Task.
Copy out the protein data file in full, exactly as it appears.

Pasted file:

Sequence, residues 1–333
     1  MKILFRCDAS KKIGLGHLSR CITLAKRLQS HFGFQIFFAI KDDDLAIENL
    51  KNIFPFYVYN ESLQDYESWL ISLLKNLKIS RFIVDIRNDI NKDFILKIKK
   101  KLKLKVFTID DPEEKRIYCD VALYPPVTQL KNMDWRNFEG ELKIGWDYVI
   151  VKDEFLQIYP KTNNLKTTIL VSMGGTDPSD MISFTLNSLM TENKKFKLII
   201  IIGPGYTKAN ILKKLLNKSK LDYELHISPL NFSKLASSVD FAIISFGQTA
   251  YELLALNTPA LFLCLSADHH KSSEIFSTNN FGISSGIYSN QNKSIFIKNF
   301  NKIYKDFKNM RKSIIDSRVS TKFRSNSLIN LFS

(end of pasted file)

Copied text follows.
Sequence, residues 1–333
     1  MKILFRCDAS KKIGLGHLSR CITLAKRLQS HFGFQIFFAI KDDDLAIENL
    51  KNIFPFYVYN ESLQDYESWL ISLLKNLKIS RFIVDIRNDI NKDFILKIKK
   101  KLKLKVFTID DPEEKRIYCD VALYPPVTQL KNMDWRNFEG ELKIGWDYVI
   151  VKDEFLQIYP KTNNLKTTIL VSMGGTDPSD MISFTLNSLM TENKKFKLII
   201  IIGPGYTKAN ILKKLLNKSK LDYELHISPL NFSKLASSVD FAIISFGQTA
   251  YELLALNTPA LFLCLSADHH KSSEIFSTNN FGISSGIYSN QNKSIFIKNF
   301  NKIYKDFKNM RKSIIDSRVS TKFRSNSLIN LFS